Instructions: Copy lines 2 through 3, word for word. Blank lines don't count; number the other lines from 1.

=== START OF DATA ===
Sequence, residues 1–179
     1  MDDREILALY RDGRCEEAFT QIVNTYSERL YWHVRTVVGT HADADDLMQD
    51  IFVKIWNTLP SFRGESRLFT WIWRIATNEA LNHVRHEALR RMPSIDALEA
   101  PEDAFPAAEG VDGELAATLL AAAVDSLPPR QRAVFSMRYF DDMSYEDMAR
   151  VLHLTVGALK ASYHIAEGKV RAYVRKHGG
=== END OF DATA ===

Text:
     1  MDDREILALY RDGRCEEAFT QIVNTYSERL YWHVRTVVGT HADADDLMQD
    51  IFVKIWNTLP SFRGESRLFT WIWRIATNEA LNHVRHEALR RMPSIDALEA